December colour and Caroline with her friend Ethel
© Caroline Broome
We had holidays in Cornwall in October and Cyprus in November. Do you realise that it took the same amount of time to drive to our friends Bob’n’Patti in Manaccan near Helford, as it took to reach our friend Naomi in Paphos? 7 hours, door to door on both counts. Never mind Friends in High Places, its Friends in the Right Places as far as we are concerned! B&P recently had their garden landscaped, including the regeneration of their wildlife friendly perimeter hedge. Their house isn’t called Fair Winds for nothing, so all the plants must be resistant to severe exposure (something I am not, being the cossetted Londoner that I am). The temperate climate is host to all variety of plants that I have little experience of, or at least ones that I am used to treating as annuals. Echiums spread like weeds in their garden; so-called tender fuchsias & agapanthus grow in robust clumps. Nerines everywhere (again?). Schitzostylis Major on steroids! And imagine having a Trachycarpus Fortunei as the focal point of your borders. (Can’t help name dropping now.) We spent a happy couple of hours at a local nursery choosing a second wave of shrubs for the gaps in the original design, common to both of our gardens, such as hebes, hydrangeas and viburnum.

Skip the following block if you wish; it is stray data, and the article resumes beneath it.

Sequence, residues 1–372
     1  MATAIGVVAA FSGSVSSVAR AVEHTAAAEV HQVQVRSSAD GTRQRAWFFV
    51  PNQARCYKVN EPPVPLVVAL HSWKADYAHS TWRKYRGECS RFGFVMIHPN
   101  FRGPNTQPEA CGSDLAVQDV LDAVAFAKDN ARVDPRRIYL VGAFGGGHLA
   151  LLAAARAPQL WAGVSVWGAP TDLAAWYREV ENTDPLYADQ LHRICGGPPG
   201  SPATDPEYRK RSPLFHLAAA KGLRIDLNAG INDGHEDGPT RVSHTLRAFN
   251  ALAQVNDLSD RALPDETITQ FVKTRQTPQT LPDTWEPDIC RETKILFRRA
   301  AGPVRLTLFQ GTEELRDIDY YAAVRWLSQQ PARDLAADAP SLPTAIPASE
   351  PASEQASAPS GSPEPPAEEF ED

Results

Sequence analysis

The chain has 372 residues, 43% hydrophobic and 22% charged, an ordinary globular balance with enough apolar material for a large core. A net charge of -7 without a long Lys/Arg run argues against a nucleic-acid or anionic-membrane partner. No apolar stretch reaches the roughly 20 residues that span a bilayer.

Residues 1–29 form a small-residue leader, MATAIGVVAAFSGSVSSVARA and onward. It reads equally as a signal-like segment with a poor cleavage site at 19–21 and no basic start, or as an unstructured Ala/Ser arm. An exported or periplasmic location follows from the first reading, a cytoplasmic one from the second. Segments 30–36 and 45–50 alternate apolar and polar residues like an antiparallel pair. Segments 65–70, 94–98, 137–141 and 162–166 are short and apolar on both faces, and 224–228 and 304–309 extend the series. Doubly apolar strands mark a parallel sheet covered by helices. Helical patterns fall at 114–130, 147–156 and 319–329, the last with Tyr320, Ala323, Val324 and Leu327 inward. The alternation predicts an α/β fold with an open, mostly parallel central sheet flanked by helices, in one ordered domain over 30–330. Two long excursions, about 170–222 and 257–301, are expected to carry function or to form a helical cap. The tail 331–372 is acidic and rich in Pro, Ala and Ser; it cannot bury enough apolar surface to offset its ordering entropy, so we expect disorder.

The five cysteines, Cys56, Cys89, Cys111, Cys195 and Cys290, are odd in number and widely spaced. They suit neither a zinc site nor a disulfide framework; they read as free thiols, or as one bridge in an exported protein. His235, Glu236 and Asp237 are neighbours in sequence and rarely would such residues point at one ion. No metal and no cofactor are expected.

Bob and Patti’s Cornwall Garden
© Caroline Broome
For poor travelers like me Cyprus is a perfect holiday location; driving on the left-hand side, same power points, taxi drivers with cousins in Turnpike Lane. You can tell a British ex-pat by the number of roses in their gardens. The only lawns to be seen are at the luxury beach side hotels, expensive enough to employ gardeners and sprinklers 24/7 – somehow they just don’t go with the local terrain anyway. Parasol shaped pergolas, intertwined with bougainvillea, frame the pavement cafes lining the streets of Paphos harbour. Oleanders and brugmansias adorn every suburban villa; ipomoea winds its way through the wire fencing of every parking lot; wild rose, lantana and rosemary hedges. Coastal paths lined with trachycarpus, olive trees, and banana palms. Cannas along the road side verges. Mega-aromatic pots of basil, lemon balm, rosemary and oregano, placed casually up the steps to Naomi’s apartment.
A banana palm and a contemporary seaside garden
© Caroline Broome
Of course, we made our annual pilgrimage to Tala Monastery Cat Sanctuary, currently home to 800 abandoned and stray cats, all named and loved and cared for by English manager Dawn Foote and husband Mark. Whether a fine pedigree or a one- eyed feral, all cats are pragmatic but barmy, illustrated here in some truly ludicrous sleeping poses.
© Caroline Broome
So there it is for another year, life chez Broome: gardening, friends and cats. We’ll be raising a glass to 2018 and toasting new challenges for 2019. I make no apologies for my sentimentality. Season’s Greetings, keep healthy, live and love well. Laugh a lot. Caroline xxxx